[54:01] Question:
As soon as you deal with EMR, it will become very slow, because these thing are difficult to dealth with. So how important it is to have your telehealth to integrated with your EMR, what it’s okay to leave them semi-separated?

[54:19] Kristi:
if you talk to the providers, they want it integrated because it’s easier. So if I’m in my electronic record, I do everything there, my schedules there, I click on that patient that opens the record. And then if I have to minimize that and throw a video up to another portal that has a different password that becomes a little friction that sometimes can result in not being adopted. Saying that many health systems, large ones especially, are still doing with multiple electronic medical records. So I know we have really two main ones, but four are utilized across our system here just across our hospitals. And so our providers are used to going in and out of multiple different EMRs aand so if I integrate, I have to integrate into a lot of different one, and then that becomes can become cost prohibitive. So we’ve chosen to keep it separate. And then now we always document in our native EMR. So I don’t wanna change that. I don’t wanna make my provider’s document in another EMR or an EMR associated with a telemedicine application, but that’s not how everyone’s approaching it. You’ve gotI think that’s while there’s all these different options is because one may work for one health system and another for another. So understanding the barriers or friction that you might come into for any of those, it will help you make your decision. I just wanted it to be as simple as possible for everybody. So I chose to do mine separate from my EMR.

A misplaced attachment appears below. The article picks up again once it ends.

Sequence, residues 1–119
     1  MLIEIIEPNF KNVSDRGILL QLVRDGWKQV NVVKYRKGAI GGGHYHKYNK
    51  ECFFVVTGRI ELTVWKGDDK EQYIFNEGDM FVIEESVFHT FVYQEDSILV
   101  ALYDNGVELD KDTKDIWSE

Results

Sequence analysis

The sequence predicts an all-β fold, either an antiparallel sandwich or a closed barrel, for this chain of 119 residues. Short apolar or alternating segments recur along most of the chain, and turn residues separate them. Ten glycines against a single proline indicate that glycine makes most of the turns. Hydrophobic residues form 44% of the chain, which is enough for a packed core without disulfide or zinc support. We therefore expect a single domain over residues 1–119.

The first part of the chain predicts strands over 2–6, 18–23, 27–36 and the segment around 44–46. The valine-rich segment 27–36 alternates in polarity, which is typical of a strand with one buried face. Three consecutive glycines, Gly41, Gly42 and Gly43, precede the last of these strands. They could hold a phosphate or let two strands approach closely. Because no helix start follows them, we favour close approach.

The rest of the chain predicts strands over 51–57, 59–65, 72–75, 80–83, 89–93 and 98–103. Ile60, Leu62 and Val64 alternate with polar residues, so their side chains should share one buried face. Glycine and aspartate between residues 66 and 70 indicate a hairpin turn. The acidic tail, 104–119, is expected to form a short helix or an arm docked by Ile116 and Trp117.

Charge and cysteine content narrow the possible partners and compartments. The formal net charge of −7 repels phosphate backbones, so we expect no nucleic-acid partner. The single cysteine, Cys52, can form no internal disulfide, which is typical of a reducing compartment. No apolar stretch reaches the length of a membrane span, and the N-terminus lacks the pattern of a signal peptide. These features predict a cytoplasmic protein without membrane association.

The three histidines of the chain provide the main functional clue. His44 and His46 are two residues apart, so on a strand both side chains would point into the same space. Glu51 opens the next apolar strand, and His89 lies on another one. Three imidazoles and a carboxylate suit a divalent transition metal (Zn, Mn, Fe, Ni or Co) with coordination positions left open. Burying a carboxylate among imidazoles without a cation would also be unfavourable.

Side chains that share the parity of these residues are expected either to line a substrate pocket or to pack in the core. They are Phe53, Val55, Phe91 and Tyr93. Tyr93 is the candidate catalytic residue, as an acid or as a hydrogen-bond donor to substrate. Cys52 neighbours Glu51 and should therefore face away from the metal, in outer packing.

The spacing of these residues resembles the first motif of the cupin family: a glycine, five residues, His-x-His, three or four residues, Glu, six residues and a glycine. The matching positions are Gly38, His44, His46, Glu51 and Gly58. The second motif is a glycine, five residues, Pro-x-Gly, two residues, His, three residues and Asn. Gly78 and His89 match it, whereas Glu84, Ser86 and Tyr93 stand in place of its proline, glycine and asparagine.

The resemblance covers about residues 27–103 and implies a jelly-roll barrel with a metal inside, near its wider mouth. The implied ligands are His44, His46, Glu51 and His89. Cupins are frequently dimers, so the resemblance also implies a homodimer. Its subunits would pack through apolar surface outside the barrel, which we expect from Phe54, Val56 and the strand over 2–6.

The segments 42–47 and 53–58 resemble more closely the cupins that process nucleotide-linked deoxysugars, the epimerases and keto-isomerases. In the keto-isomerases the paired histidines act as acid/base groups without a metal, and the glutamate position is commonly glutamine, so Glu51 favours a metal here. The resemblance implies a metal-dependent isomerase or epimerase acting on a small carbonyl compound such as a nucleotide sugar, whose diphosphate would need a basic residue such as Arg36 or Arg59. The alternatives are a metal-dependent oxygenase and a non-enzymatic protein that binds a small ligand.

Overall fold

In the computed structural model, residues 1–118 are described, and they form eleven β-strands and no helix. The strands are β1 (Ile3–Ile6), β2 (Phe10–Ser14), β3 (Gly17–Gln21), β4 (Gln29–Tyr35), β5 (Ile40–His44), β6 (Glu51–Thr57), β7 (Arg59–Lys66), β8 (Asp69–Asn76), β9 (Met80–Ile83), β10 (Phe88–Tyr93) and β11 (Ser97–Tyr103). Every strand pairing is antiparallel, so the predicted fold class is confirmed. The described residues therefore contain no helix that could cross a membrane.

[56:30] Question:
If audience can learn one thing from you today, whats that one thing?

[56:38] Kristi:
The virtual care and mobile health is healthcare. Don’t look at it as anything separate. Don’t make barriers that aren’t there. This is a modality to deliver healthcare. So anybody in your system, they ought to rethink what they do on a day to day basis, to see how they can implement it into their work, to improve the health of the people they serve and make their operations more efficient. This is no longer a side project. This is how we deliver health care.

[57:16] Question:
What is the one thing you believe in telehealth, that no one else believes in yet?

[57:29] Kristi:
I think that we are under appreciating the impact and a disruption that is about to occur and the healthcares ecosystem. And that is not just from technology, that’s gonna be a huge driver from the financial thought of it to the clinical delivery. But I think that the mergers and acquisitions and the partnership and the new interest into healthcare is going to change everything as we know it, the rules of how we had to do certain things are kinda getting blown up and those barriers are going away and people are working around the barriers that we’re causing them not to be able to deliver health care through virtual care. So I think we’re gonna have a much bigger disruption than we anticipate.

[58:22] Question:
If you can whisper one thing to Trump ear, what would it be?

[58:32] Kristi:
We really have a virtual solution that is bipartisan. The barriers need to be cleared, so the benefits can be fully realized, and so that people will truly integrate it into operation. It is truly being delayed only because people can’t figure out how to get reimbursed for and how it fits into the system of care. This really solve so many of his issues when it comes to healthcare in the cost of healthcare. So I really wanna provide a blueprint of how we can do this. We can change healthcare for the virtual care.


About the Speaker:

Kristi Henderson, VP for Virtual Care & Innovation for Ascension-Texas Ministry and Clinical Professor of Population Health at the UT-Austin Dell Medical School, is a healthcare executive with over 20 years of experience. She is a highly respected innovator, health advocate, educator, researcher and clinician.